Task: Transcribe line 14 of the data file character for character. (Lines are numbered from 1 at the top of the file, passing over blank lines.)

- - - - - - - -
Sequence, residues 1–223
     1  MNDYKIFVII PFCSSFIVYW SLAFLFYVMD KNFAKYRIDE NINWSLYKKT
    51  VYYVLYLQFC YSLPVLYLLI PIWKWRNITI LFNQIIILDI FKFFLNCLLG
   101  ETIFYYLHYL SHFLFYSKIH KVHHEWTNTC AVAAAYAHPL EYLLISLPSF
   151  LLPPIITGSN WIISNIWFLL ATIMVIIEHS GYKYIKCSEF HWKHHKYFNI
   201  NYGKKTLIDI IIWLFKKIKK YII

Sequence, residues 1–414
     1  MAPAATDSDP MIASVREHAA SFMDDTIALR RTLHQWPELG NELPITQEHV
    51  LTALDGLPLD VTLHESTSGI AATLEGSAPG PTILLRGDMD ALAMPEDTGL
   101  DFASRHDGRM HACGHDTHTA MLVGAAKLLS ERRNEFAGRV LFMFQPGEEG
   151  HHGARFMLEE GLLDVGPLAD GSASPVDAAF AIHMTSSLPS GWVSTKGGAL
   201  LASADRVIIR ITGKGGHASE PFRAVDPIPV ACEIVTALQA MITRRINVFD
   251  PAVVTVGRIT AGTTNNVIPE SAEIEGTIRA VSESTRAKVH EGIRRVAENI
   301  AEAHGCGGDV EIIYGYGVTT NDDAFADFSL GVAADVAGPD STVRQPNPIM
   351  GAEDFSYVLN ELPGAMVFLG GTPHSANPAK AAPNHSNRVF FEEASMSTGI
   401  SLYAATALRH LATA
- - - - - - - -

   301  AEAHGCGGDV EIIYGYGVTT NDDAFADFSL GVAADVAGPD STVRQPNPIM